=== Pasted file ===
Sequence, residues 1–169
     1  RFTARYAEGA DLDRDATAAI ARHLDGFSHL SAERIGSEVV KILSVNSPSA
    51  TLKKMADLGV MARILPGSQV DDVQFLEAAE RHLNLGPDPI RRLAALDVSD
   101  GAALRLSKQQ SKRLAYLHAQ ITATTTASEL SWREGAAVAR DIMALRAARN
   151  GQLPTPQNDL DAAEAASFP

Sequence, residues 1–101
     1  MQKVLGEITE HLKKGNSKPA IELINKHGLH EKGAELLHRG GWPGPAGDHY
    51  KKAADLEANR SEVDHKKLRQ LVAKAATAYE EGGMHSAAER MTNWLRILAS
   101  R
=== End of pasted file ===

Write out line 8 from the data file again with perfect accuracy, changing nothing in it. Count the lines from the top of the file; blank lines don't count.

    51  KKAADLEANR SEVDHKKLRQ LVAKAATAYE EGGMHSAAER MTNWLRILAS